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New York Times Using People for Twitter Feed (For A Week At Least)


That headline seems funny in this day and age doesn’t it? You half expect automation everywhere you turn but in certain areas automation just doesn’t cut it. One of the areas where it is less and less attractive is social media and apparently the New York Times is taking the hint.

According to an article at Poynter.org

The New York Times is turning off the automatic feed for its main Twitter account this week in an experiment to determine if a human-run, interactive approach will be more effective.

Social media editors Liz Heron and Lexi Mainland are taking turns running the@nytimes account during weekday business hours, hand-picking and writing the tweets and engaging with readers.

What you’ll see: “@” replies conversing with users, retweets of non-Times accounts and more engagement opportunities for followers.
Well I guess the humanization of social media is getting close to being a reality if the “Old gray Lady” has decided that it has to, ahem, actually converse wit their readers.

To think that this is something that is treated as news is pretty funny considering all the talk of social media being ‘interactive’. Despite the daily in and day out clamoring of this concept among the social media industry it’s taken a lot longer for it to get to people who don’t waste inordinate amounts of time talking to people in the same industry about the same stuff over and over again (that’s the social media industry in case you are a little slow today).

The Poynter article continues

It’s a departure from the normal “cyborg” approach, Heron told me, which combines an automated headline-and-a-link feed of homepage stories with occasional contributions from the social media editors. That combination has created a bad perception: “that it’s mostly an RSS feed of auto headlines,” Heron said.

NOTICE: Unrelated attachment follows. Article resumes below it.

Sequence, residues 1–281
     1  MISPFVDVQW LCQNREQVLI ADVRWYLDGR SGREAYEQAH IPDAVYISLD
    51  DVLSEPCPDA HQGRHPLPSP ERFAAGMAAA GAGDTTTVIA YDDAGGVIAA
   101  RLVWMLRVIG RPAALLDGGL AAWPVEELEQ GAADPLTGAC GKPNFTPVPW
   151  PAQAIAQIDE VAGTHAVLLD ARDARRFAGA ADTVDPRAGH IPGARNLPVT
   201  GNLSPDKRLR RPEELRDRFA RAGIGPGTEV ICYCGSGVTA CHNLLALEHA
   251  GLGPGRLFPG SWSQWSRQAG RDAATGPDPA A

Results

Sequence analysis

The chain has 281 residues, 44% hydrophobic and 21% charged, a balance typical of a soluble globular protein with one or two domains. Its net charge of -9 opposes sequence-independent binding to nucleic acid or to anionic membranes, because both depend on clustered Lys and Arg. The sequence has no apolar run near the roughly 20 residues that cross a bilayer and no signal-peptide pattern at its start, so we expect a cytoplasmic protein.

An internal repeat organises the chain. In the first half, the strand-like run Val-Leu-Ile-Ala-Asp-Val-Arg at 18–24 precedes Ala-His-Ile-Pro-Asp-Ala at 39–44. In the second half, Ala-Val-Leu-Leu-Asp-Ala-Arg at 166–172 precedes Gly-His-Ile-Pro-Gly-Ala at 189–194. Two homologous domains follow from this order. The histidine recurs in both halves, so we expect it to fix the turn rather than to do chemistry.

This week’s experiment “is about changing the perception, and it’s about being a little more strategic about what we put out there — finding the most engaging content.”

By calling this an “experiment,” the Times is implying that the outcome is yet unknown. I’d say it’s really more of a demonstration: an effort by the social media staff to prove to the rest of the newsroom that the paper’s main Twitter feed deserves additional resources to maintain this human-driven, personal approach.

I think this ‘experiment’ should be fun to watch and one that may need some assist from people who really want to see this medium become the communications tool it is purported to be.

Interestingly enough, the paper probably already realizes that having two people manage an account with close to 3.3 million followers could get unruly. As a result they are running this initial go for a week. My guess is that since most people are so used to the Twitter stream being just headlines they may not even see the difference in a week’s time because they are blind to what the Times is saying. I have several feeds I ‘follow’ that in reality I simply ignore because it’s not engaging. I keep them active as a ‘just in case’ but rarely do I really give them any notice. People may be ‘tweet blind’ to a cyborg headline feed like the Times has done up to this point. I know I can be.